Remote working and home working have been increasing gradually throughout the 21st century and, since the Covid-19 pandemic, remote working has become a fundamental requirement for many businesses.
Some companies, especially ones which already practiced some degree of remote working, have moved relatively seamlessly to large scale remote working. Others, that did not embrace the remote working culture or didn’t have plans and infrastructure already in place, have struggled.
While some businesses have been slow to adapt, cyber-crime has not. In fact, there has been a clear spike in phishing and other cyber-crime activity around the world.
In the office, somebody else typically takes care of the cyber security measures. Usually the IT department. However, when working from home, you may need to take more responsibility for it yourself. This will apply even more, if you are using your own computer for work.
To make working from home more secure, the list below details some key tips to secure your equipment and data.
Antivirus software should be running on all personal computers and this is even more important, if you are using your own computer for work to help prevent malware from compromising your company’s data.
On a windows PC/Laptop, Windows Defender Anti-Virus (which comes with the operating system) is a perfectly good solution. However, if you want to be able to centrally manage the anti-virus setting on a number of computers, you will need install another security vendors solution. Bitdefender and ESET are good examples but there many others.
Keep Software Updated
Operating systems and applications are updated regularly by their authors to improve functionality but also to plug security holes that have been revealed since the last version release. Applying these security patches is probably the best thing you can do to prevent criminals from exploiting their weaknesses. Check your operating system is running the latest version and enable automatic updates to make sure all your applications are safe.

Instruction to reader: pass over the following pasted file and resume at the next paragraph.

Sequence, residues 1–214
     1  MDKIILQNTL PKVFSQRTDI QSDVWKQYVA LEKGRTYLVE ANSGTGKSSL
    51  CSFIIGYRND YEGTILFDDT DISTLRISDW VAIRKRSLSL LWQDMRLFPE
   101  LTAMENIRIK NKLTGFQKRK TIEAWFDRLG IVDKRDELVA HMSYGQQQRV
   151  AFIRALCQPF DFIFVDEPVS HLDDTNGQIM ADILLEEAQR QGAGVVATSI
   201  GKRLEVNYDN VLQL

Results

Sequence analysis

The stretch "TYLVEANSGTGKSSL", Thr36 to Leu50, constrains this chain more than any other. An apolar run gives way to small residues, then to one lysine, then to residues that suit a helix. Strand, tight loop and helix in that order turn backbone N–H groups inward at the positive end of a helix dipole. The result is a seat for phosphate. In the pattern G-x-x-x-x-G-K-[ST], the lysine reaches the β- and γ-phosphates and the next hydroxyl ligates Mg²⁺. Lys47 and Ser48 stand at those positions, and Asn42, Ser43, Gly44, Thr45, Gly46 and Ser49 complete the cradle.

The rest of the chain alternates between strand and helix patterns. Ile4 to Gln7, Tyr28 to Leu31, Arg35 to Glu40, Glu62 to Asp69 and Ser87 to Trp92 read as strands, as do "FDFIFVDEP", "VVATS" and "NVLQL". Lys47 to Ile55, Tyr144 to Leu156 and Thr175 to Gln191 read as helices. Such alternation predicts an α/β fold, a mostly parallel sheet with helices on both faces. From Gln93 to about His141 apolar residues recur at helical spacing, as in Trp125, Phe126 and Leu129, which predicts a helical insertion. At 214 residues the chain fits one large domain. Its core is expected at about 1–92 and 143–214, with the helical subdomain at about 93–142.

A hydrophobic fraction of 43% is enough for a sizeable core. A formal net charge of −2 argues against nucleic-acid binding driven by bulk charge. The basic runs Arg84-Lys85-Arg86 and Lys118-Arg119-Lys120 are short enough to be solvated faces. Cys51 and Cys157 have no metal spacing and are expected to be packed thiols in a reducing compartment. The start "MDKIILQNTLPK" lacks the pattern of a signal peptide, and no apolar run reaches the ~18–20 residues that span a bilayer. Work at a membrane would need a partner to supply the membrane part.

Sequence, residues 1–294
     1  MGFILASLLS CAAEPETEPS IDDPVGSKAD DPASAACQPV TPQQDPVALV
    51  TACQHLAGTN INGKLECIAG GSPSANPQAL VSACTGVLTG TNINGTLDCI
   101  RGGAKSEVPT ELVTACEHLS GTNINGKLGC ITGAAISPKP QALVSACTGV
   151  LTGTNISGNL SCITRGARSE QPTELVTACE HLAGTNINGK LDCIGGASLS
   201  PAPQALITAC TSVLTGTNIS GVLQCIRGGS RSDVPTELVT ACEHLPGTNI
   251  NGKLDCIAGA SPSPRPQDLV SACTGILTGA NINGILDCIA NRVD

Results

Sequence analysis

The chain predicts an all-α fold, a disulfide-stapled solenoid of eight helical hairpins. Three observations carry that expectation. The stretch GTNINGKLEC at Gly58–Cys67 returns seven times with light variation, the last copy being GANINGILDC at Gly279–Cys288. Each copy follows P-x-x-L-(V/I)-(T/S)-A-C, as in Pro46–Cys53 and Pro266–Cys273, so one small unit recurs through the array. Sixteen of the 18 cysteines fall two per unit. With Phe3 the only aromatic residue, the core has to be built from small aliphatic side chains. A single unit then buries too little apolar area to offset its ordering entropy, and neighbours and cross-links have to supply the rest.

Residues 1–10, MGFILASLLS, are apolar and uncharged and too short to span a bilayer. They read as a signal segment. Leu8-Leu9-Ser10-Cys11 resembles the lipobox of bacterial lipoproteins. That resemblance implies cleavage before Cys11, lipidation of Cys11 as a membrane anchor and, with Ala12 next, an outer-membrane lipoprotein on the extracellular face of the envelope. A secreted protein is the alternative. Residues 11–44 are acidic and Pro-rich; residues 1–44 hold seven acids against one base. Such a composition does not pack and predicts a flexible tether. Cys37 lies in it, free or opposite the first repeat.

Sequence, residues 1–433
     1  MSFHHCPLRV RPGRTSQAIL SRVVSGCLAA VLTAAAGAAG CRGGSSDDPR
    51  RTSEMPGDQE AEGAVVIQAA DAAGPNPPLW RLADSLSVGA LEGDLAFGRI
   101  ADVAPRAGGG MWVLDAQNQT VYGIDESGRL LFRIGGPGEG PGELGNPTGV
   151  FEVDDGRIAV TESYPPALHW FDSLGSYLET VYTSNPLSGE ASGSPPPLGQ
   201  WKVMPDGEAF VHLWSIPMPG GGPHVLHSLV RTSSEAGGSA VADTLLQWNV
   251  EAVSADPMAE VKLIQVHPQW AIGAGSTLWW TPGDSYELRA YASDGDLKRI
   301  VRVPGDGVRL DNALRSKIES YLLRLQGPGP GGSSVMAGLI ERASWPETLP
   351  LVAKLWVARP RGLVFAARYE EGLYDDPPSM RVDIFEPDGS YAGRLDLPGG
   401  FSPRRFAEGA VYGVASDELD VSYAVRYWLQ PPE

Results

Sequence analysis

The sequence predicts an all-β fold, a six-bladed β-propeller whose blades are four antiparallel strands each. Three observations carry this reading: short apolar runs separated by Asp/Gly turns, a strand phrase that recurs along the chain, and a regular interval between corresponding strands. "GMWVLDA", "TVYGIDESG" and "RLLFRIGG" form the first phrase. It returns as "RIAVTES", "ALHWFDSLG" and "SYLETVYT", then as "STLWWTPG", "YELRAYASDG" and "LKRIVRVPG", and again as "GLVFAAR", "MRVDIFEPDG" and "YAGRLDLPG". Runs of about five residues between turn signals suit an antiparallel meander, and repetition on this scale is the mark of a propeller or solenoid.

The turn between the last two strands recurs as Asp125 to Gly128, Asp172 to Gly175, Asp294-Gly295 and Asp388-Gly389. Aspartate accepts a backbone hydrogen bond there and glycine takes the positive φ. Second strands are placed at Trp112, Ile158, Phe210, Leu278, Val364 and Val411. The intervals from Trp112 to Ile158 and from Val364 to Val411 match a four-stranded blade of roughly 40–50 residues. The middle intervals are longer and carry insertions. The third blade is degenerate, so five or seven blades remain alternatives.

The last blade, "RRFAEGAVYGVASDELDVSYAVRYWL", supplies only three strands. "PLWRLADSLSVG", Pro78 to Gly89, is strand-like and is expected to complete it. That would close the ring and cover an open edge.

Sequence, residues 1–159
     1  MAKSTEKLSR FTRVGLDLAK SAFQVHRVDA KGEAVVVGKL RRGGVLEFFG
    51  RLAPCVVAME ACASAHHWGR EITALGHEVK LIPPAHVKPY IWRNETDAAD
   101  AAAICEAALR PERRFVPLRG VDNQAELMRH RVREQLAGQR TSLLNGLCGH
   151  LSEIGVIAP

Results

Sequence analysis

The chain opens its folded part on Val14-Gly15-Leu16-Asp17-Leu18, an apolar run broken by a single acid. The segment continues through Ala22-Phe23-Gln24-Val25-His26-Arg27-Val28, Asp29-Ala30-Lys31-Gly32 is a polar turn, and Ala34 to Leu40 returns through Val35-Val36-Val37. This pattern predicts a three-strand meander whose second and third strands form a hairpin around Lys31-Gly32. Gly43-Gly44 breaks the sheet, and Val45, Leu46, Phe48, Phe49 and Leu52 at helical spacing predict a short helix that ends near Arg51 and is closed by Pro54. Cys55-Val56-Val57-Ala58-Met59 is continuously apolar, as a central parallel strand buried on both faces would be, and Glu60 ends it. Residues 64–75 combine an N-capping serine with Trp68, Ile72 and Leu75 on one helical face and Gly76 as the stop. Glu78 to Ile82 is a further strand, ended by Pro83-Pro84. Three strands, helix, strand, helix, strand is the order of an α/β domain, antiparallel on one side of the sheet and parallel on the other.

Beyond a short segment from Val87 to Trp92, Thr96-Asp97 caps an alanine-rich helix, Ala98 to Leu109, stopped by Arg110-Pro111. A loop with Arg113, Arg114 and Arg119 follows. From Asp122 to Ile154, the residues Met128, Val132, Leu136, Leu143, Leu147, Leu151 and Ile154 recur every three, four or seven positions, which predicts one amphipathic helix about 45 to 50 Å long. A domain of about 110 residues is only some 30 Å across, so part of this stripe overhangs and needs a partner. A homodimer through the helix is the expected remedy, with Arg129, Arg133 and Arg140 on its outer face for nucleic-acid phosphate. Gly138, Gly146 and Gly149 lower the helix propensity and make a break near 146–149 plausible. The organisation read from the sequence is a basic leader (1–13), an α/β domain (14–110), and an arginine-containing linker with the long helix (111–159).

Secure Home WiFi
Make sure you have your WiFi network encrypted. If your WiFi router doesn’t have a WPA2 setting, then replace it as it is not possible to secure it. If your WiFi requires a password, then it’s a good start. If not, access your router settings to change this.
You also need to change your router’s default password, if you have never done it before. If your router is breached, then an attacker could get access to your devices and everything you send through the router. The default passwords for routers are a weak link in their protection.
Use a VPN
If you are using a computer provided by your employer, this may already be installed for you. If you are using your own computer, get a VPN to secure your connection to the internet and encrypt your data on shared public WiFi networks like coffee shops and hotel WiFi. By using VPN your important data can only be ‘seen’ in its encrypted form by anyone on the same network.
During online meetings with Zoom and Microsoft Team etc, be cautious when sharing your screen. If possible, don’t leave any windows open that you don’t want to share. Accidents do happen, and sometimes you might share something that you did not intend to. As a minimum, this can be awkward, and could result in a reportable data breach. You might be oversharing content that is not meant to be viewed by others.
Beware Covid-19 Related Scams
Internet crime has widely exploited the Covid-19 pandemic. It has been the subject used in numerous international and national phishing and scam campaigns. If you get emails with any suspicious links or attachments related to Covid-19, don’t open them. Better safe than sorry. Other phishing emails can be encountered as well so be sceptical about all email.
Beware Social Media
Another rich hunting ground for scams and phishing is Social Media. They exploit the fact that Social Media users feel safe amongst friends and that there is an urgency to keep up with the latest trends and information. Resist the urge to share any personal information on posts and messages. It could be just another case of phishing. Ensure that the person who asked really did so before sending anything important.
It’s could also be a risk to share pictures of your remote working station in social media. You might accidentally share important information while you do it. Same goes with using your webcam. With webcams you might also accidentally share too much about your home or your family members.
Remote Working Environment
In office environments, attention is given to Health and Safety regulations relating to safety and comfortable working. At home, there is often less scrutiny, so it is a good idea to create a comfortable working environment for yourself. Consider things like you sitting position and screen height and take breaks to move and stretch like you would in the office. A Google search will give you all the information you need about ergonomics and comfortable, productive working.
If you have any concerns about secure remote working, please feel free to Contact KRYPSYS